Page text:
The main driving force behind any team game is communication. “Apex Legends” allows teammates to communicate even if they lack a microphone by implementing a pinging system. Players can alert their teammates to useful loot, warn them when they see an enemy, and suggest where to go next with the push of a button. This allows people who have anxiety about the general toxicity of online games not to have to worry about flamers or bullies. There is also a voice-to-text function that allows people to turn down the volume of the in-game voice chat while still getting the gist of the conversation. So well done was the ping system that rivals like “Fortnite” have been looking to implement their own versions of it.
There is also a level of communication with the characters to the players. Every so often, a character will comment on something related to the game, whether it’s at the start by announcing who is jumpmaster, when the first person has died or mid-game or when players have to race to the next circle. This is done without any prompting by the player, giving a new illusion of life to the characters they control. In a recent update, when players ping an object, the character they control gives some more information about it, allowing new players to get used to the game more quickly.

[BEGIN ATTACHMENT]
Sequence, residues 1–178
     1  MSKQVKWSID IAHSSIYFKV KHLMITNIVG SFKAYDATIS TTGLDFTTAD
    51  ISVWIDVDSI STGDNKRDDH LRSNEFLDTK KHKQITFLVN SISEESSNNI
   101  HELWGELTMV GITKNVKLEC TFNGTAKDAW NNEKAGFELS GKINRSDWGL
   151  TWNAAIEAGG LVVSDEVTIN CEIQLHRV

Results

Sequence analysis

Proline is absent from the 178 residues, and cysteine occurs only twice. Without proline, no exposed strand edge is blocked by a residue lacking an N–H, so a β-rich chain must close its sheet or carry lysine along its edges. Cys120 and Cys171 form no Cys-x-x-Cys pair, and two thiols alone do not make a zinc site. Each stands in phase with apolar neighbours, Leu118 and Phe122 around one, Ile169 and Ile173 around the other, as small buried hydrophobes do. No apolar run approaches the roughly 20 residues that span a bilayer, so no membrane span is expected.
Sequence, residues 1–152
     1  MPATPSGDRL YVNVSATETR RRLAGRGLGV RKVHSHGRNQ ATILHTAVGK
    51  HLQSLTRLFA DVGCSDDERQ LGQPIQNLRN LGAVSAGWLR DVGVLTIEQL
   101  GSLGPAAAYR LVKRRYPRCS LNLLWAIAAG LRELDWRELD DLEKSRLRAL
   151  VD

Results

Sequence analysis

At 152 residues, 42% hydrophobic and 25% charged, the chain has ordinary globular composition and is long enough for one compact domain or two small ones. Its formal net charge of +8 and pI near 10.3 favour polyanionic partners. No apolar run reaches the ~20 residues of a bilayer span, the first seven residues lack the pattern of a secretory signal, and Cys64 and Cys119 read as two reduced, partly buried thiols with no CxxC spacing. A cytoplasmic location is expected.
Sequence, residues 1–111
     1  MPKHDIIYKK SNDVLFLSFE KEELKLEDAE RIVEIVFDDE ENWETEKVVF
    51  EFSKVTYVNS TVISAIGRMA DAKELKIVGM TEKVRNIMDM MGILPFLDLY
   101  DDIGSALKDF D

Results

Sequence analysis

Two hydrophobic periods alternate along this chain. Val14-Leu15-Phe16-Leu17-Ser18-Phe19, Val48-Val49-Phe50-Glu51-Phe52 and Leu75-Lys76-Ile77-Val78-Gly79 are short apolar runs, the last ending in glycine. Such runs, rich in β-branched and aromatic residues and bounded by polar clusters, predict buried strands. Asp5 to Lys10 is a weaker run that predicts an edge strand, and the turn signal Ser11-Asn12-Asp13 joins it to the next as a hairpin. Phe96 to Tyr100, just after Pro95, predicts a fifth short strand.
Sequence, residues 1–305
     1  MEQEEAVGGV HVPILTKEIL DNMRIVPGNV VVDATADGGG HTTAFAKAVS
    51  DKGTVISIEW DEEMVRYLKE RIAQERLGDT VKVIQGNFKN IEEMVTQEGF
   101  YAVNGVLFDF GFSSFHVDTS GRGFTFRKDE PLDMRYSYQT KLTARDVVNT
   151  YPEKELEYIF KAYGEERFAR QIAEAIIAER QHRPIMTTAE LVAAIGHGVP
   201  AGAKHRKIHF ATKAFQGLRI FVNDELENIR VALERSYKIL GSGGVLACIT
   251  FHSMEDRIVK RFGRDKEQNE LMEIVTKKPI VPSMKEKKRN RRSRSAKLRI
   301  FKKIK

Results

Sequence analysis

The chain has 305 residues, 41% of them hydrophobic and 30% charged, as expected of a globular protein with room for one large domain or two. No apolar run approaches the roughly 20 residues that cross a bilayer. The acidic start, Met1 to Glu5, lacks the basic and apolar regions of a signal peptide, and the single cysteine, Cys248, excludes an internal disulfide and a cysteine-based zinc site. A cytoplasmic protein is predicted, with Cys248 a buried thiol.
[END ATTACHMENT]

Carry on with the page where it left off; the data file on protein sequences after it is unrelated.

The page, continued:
One aspect that I haven’t seen often in battle royale games, even those that are team based, is the ability to be respawned. When a player is killed, they drop a death box, which contains the loot that they had gathered during the game, and a respawn beacon. The player’s teammates have limited time to get to the respawn beacon before it times out. If the team can get the beacon, they have an unlimited amount of time to get to a respawn point and revive the dead player. If they fail to get to the beacon in time, the player is out of the game. The map contains a limited number of respawn points, and each one is a one-time use. Be careful though; each time a respawn point is used, other teams can see that it disappeared off the map, and there is a respawn animation that allows anyone in the vicinity to see that someone is being respawned. When you are respawned, you lack any equipment that you got during the game and so must gather resources again.

Usually, at that point, it is far riskier because other teams will have had enough time to acquire high tier armor and better weapons than the basic Mozambique gun that you might find in a crate.

“Apex Legends” is so unlike any battle royale game I’ve played before, despite its simple formula. I poured almost an entire day into it when I first discovered it. Although I was bad at aiming, I entertained myself just by slipping and sliding around the map. It promises many hours of shenanigans — both with friends and random people online — that will keep me busy during spring break. Even if you don’t consider yourself a fan of battle royales, or of games that rely on shooting, I recommend trying it out at least once.